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Intensive Care Medicine

, 37:1620 | Cite as

Does femoral venous pressure measurement correlate well with intrabladder pressure measurement? A multicenter observational trial

  • Bart L. De KeulenaerEmail author
  • Adrian Regli
  • Wojciech Dabrowski
  • Vaxtang Kaloiani
  • Zsolt Bodnar
  • Javier Izura Cea
  • A. Andrey Litvin
  • Wendy A. Davis
  • Anne-Marie Palermo
  • Jan J. De Waele
  • Manu L. L. N. G. Malbrain
Original

Abstract

Purpose

To investigate if femoral venous pressure (FVP) measurement can be used as a surrogate measure for intra-abdominal pressure (IAP) via the bladder.

Methods

This was a prospective, multicenter observational study. IAP and FVP were simultaneously measured in 149 patients. The effect of BMI on IAP was investigated.

Results

The incidences of intra-abdominal hypertension (IAH) and abdominal compartment syndrome (ACS) were 58 and 7% respectively. The mean APACHE II score was 22 ± 10, SAPS 2 score 42 ± 20, and SOFA score 9 ± 4. The mean IAP was 11.2 ± 4.5 mmHg versus 12.7 ± 4.7 mmHg for FVP. The bias and precision for all measurements were −1.5 and 3.6 mmHg respectively with the lower and upper limits of agreement being −8.6 and 5.7. When IAP was above 20 mmHg, the bias between IAP and FVP was 0.7 with a precision of 2.0 mmHg (lower and upper limits of agreement −3 and 4.6 respectively). Excluding those with ACS, according to the receiver operating curve analysis FVP = 11.5 mmHg predicted IAH with a sensitivity and specificity of 84.8 and 67.0% (AUC of 0.83 (95% CI 0.81–0.86) with P < 0.001). FVP = 14.5 mmHg predicted IAP above 20 mmHg with a sensitivity of 91.3% and specificity of 68.1% (AUC 0.85 (95% CI 0.79–0.91), P < 0.001). Finally, at study entry, the mean IAP in patients with a BMI less then 30 kg/m2 was 10.6 ± 4.0 mmHg versus 13.8 ± 3.8 mmHg in patients with a BMI ≥ 30 kg/m2 (P < 0.001).

Conclusions

FVP cannot be used as a surrogate measure of IAP unless IAP is above 20 mmHg.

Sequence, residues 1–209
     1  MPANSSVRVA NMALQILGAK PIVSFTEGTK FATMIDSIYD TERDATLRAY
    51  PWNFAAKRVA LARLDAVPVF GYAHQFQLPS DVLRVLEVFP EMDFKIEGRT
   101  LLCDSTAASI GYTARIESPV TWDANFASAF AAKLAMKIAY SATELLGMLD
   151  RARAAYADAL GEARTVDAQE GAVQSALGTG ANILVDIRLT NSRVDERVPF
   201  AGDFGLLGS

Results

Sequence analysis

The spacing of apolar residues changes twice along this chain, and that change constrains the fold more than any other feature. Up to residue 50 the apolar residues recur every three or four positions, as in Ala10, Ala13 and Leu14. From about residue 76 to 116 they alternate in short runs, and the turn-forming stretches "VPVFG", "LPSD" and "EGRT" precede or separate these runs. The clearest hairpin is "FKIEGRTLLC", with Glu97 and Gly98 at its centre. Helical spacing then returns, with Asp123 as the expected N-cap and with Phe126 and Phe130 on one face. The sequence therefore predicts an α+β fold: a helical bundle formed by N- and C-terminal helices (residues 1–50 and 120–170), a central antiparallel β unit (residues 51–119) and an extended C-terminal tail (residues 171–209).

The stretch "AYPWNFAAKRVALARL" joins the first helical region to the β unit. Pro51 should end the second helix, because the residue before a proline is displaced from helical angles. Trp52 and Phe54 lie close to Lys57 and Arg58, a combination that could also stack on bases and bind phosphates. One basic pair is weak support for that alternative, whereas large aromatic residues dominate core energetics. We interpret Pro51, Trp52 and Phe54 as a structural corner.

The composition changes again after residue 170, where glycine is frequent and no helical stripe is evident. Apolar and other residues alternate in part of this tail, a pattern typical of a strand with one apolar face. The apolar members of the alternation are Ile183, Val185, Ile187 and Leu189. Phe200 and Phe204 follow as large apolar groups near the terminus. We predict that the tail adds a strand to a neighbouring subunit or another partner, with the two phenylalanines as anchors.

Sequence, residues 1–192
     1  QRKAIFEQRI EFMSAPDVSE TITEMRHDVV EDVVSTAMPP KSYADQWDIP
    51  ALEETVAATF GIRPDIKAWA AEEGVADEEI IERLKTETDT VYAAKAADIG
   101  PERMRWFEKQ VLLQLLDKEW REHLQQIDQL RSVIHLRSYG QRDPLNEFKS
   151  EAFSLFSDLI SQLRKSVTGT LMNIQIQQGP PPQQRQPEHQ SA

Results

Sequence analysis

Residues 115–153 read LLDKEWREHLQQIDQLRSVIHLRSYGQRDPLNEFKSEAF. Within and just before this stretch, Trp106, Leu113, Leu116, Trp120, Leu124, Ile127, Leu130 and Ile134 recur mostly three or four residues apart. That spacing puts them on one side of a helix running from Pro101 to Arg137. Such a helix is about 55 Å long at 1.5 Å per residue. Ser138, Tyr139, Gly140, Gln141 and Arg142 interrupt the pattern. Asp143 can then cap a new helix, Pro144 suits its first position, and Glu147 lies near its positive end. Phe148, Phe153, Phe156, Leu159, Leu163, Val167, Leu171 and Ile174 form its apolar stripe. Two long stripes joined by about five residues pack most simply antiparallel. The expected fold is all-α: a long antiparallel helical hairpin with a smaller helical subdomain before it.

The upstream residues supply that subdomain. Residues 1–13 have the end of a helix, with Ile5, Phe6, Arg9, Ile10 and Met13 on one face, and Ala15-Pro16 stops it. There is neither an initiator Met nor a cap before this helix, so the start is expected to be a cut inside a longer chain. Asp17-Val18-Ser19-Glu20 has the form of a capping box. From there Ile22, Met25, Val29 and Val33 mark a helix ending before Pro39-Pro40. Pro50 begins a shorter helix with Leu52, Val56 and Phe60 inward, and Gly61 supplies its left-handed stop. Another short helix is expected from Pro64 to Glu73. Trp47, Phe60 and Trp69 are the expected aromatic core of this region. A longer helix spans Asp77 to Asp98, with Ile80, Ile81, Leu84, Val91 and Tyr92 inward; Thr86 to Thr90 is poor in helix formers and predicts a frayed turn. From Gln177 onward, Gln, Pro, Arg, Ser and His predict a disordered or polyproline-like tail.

Keywords

Intra-abdominal hypertension Intra-abdominal pressure Abdominal compartment syndrome Femoral venous pressure Catheter-related infection 

Notes

Acknowledgments

To standardize the IAP measurement technique, Wolfe-Tory provided the AbViser bladder monitoring kits to study sites that did not currently use this device, free of charge.

Supplementary material

134_2011_2298_MOESM1_ESM.doc (310 kb)
Supplementary material 1 (DOC 309 kb)

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Copyright information

© Copyright jointly held by Springer and ESICM 2011

Authors and Affiliations

  • Bart L. De Keulenaer
    • 1
    Email author
  • Adrian Regli
    • 1
    • 2
  • Wojciech Dabrowski
    • 3
  • Vaxtang Kaloiani
    • 4
  • Zsolt Bodnar
    • 5
  • Javier Izura Cea
    • 6
  • A. Andrey Litvin
    • 7
    • 9
  • Wendy A. Davis
    • 8
  • Anne-Marie Palermo
    • 1
  • Jan J. De Waele
    • 9
  • Manu L. L. N. G. Malbrain
    • 10
  1. 1.Intensive Care UnitFremantle HospitalFremantleAustralia
  2. 2.Medical SchoolThe University of Notre DameFremantleAustralia
  3. 3.Anaesthesiology and Intensive CareMedical University of LublinLublinPoland
  4. 4.Department of Anesthesiology, Emergency Medicine and Critical CareTbilisi State Medical University Central ClinicTbilisiGeorgia
  5. 5.Department of General SurgeryUniversity of DebrecenDebrecenHungary
  6. 6.Intensive Care MedicineHospital Virgen Del CaminoPamplonaSpain
  7. 7.Department of SurgeryGomel Regional Clinical HospitalGomelBelarus
  8. 8.School of Medicine and PharmacologyUniversity of Western Australia, Fremantle HospitalFremantleAustralia
  9. 9.Ghent University HospitalIntensive Care UnitGhentBelgium
  10. 10.Ziekenhuis Netwerk AntwerpenZNA, Stuivenberg, Intensive Care UnitAntwerpBelgium

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